of wading to the shore, which we at once did, and
   soon escaped from the view of our little tormentors, 
   and the numerous lookers-on, on our way to the
   upper village, which I have before mentioned. "

 

 

Sandy in her Bullboat

 

Bullboat Adventures

 

    A bullboat is a boat made with a Frame of Willows or
   Cottonwood and covered with a Buffalo hide. It was
   circular in form. It was used to carry cargo, meats, and
   humans down or across a River.

 

    Bullboats were used by Native American Tribes, 
   especially those along the Missouri River but we
   have also found documentation that they were seen
   and used on the Maropa River, the Yellowstone River,
   the Missouri River, the Bighorn River, the Snake
   River and the Knife River. Buffalo Bird Woman,
   Hidatsa, talks about transporting the meat from a
   hunt down the river in bullboats.

   Chief Plenty Coup of the Crow tells about playing in
   bullboats as a child.

    Mountaineers saw their use by the Natives and adapted
   them for their own use.

   Lewis and Clark tried one with an iron frame and
   failed. They built more with success that exceeded
   their expectations; they also made one of their own
   design with two hides.

    Pryor of the Lewis and Clark expedition was traveling
   near Billings, Montana but they
lost their horses
   within a day or two, probably to the Crow Indians.
   They constructed two bullboats and headed down the 
   Yellowstone and the Missouri, overtaking Clark on 
    August 8th, 1806 in McKenzie County, North Dakota."

    William H. Ashley in June, 1825 constructed a hide
   boat 16 by 7 feet out of six Buffalo Hides, 
"That I
   will transport the goods and extra baggage down the
   river to some conspicuous point not less than 40 or 50
   miles from this place" He was very pleased with the
   performance of his boat.

    Thomas James of the Missouri Fur Company, 1809-
   1810, wrote this.
"Here we made three canoes of
   buffalo bull's skins, by sewing
together two skins, for
   each canoe, and then stretching them over a frame
   similar in shape to a Mackinaw boat. Our canoe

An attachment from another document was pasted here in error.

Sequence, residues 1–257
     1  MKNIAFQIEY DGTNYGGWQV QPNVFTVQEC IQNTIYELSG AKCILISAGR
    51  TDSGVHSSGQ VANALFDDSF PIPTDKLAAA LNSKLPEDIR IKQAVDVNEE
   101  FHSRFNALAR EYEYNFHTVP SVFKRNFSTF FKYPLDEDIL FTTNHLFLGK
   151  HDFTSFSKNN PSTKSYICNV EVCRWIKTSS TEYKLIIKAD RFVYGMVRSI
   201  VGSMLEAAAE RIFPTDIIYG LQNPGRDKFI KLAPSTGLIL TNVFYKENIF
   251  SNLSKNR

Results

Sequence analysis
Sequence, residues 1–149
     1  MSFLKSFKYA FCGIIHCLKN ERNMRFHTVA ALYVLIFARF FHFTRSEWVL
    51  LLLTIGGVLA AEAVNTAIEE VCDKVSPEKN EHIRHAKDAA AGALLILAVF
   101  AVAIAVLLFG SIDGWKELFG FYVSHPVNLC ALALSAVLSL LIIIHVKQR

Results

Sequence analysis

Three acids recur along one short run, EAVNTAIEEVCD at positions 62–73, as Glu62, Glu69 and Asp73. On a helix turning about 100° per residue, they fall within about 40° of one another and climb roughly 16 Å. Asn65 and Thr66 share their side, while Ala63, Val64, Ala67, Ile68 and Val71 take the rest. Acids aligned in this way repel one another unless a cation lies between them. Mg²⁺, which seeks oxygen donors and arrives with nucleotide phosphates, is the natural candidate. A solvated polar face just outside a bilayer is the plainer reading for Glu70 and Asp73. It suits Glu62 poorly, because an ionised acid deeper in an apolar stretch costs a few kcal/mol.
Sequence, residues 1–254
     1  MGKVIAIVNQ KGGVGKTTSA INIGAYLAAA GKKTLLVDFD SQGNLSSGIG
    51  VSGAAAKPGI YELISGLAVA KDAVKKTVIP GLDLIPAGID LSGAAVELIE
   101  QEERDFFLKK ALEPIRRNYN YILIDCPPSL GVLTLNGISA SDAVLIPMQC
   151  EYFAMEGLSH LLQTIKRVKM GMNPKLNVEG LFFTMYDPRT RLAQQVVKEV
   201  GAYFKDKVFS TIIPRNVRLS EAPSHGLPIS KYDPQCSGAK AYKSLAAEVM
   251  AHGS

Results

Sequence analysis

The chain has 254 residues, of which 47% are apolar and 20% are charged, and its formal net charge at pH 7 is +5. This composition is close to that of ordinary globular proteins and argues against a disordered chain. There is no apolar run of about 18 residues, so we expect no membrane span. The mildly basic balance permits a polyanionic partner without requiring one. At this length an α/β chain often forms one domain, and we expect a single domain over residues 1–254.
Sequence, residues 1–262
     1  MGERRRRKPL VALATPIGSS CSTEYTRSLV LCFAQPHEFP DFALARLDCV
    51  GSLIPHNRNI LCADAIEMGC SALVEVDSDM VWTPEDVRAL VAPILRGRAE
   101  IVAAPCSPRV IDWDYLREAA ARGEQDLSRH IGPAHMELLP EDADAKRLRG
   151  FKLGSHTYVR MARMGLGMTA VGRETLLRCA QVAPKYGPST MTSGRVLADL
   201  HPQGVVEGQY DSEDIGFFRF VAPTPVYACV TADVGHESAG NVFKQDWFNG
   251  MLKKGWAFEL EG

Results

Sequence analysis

contained three men, about sixty steel traps, five
   hundred beaver skins, our guns and amunition,
   besides other commodities. Nine of us started 
   down the river in these canoes and in two days reached 
   Clark's river where the boats with the goods was 
   awaiting us."

   In addition to these, W.A. Ferris and Osbourne Russel,
   talked about using Bullboats.

    What better way to really know the bullboat than to
   build and use one. Thats exactly what I did. Of course
   I had successes and failure, just as the explorers of the
   West did. 

   What better way can you really experience the past and
   get the feeling of living history than to just do it. What
   fun it was. (At times) What frustration it was. (At times)

 

    In June of 2005, 5 members of the WFT traveled to
   Basin, Wyoming where we built 5 bullboats with the
   assistance of Dale Bollman (aka: Rabbit).

   
Rabbit and Jill

    He showed us how and helped us build our bullboats. 
   We started out by building the frames of willows. This
   took the entire day, and a lot of time and patience tying
   all those willows with rawhide. I mean a lot of rawhide
   ties. There were blisters forming on our fingers.


Jill tying her bottom rings

 

    We built 3 round circles, each a little bigger than the
   last. Then we tied the Willows for the outside frame.
   There were 10 all together. After tying these 10 straight
   pieces, they were laid out and the bottom circle placed
   on top of them. The bottom circle and the Willow
   sticks were tied together at this point with Rawhide ties.

 


Sandy tying her bottom frame on.

 
    We then tied the last two rings onto the willow
   sticks, making sure to bend the Willows and make a
   bowl shape. Lots more rawhide ties and at this point
   it is a good idea to have two people doing one. This
   way they can help bend and hold the Willows in shape
   while the other person ties them in place.


                                                                   
                                                                  


Rick and Sandy tying their frame together.

 

    On the 2nd day we got to attach the green Buffalo
   hide to the boats. But first we had to scrape the hides,
   which Rabbit did with ease. He could actually scrape
   a Buffalo hide with a sharp knife, in just under two
   hours. I was impressed. He gave us a lesion on
   scraping, where we learned a lot.

  
We then sewed up any holes in the hide from the
   gunshot or scraping. We then attached the hides to
   the Willow Frames. Stretching them to fit snuggly on
   the Frame was not easy. We then attached them at
   the top of the frame by sewing them on and wrapping
   each Willow knob at the top. This took most of the